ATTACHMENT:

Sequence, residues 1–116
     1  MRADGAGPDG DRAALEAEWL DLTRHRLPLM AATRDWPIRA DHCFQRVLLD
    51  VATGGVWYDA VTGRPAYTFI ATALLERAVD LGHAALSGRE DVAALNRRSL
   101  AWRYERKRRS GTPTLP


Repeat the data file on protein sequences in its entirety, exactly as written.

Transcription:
Sequence, residues 1–116
     1  MRADGAGPDG DRAALEAEWL DLTRHRLPLM AATRDWPIRA DHCFQRVLLD
    51  VATGGVWYDA VTGRPAYTFI ATALLERAVD LGHAALSGRE DVAALNRRSL
   101  AWRYERKRRS GTPTLP